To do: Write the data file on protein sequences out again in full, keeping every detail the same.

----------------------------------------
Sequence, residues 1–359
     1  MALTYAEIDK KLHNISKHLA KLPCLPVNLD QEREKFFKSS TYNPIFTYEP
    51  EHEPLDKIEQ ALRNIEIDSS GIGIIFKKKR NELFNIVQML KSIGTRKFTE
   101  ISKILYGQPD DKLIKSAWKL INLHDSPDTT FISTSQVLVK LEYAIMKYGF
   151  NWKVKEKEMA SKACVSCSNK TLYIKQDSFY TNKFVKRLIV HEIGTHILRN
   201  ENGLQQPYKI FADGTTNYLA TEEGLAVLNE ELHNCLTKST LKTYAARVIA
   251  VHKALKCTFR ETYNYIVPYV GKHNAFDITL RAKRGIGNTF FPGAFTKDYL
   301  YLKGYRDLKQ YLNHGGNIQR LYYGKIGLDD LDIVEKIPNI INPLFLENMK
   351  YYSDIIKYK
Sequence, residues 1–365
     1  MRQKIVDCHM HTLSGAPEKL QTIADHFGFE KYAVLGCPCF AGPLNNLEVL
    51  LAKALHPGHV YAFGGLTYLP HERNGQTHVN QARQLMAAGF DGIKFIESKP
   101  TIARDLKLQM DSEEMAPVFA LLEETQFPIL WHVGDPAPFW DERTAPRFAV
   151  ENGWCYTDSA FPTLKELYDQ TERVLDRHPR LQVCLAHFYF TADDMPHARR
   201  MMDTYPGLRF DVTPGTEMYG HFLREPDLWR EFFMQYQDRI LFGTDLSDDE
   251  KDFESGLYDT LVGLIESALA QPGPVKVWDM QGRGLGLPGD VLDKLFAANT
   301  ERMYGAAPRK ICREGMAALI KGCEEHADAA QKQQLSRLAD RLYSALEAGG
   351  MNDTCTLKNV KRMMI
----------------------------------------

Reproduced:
Sequence, residues 1–359
     1  MALTYAEIDK KLHNISKHLA KLPCLPVNLD QEREKFFKSS TYNPIFTYEP
    51  EHEPLDKIEQ ALRNIEIDSS GIGIIFKKKR NELFNIVQML KSIGTRKFTE
   101  ISKILYGQPD DKLIKSAWKL INLHDSPDTT FISTSQVLVK LEYAIMKYGF
   151  NWKVKEKEMA SKACVSCSNK TLYIKQDSFY TNKFVKRLIV HEIGTHILRN
   201  ENGLQQPYKI FADGTTNYLA TEEGLAVLNE ELHNCLTKST LKTYAARVIA
   251  VHKALKCTFR ETYNYIVPYV GKHNAFDITL RAKRGIGNTF FPGAFTKDYL
   301  YLKGYRDLKQ YLNHGGNIQR LYYGKIGLDD LDIVEKIPNI INPLFLENMK
   351  YYSDIIKYK
Sequence, residues 1–365
     1  MRQKIVDCHM HTLSGAPEKL QTIADHFGFE KYAVLGCPCF AGPLNNLEVL
    51  LAKALHPGHV YAFGGLTYLP HERNGQTHVN QARQLMAAGF DGIKFIESKP
   101  TIARDLKLQM DSEEMAPVFA LLEETQFPIL WHVGDPAPFW DERTAPRFAV
   151  ENGWCYTDSA FPTLKELYDQ TERVLDRHPR LQVCLAHFYF TADDMPHARR
   201  MMDTYPGLRF DVTPGTEMYG HFLREPDLWR EFFMQYQDRI LFGTDLSDDE
   251  KDFESGLYDT LVGLIESALA QPGPVKVWDM QGRGLGLPGD VLDKLFAANT
   301  ERMYGAAPRK ICREGMAALI KGCEEHADAA QKQQLSRLAD RLYSALEAGG
   351  MNDTCTLKNV KRMMI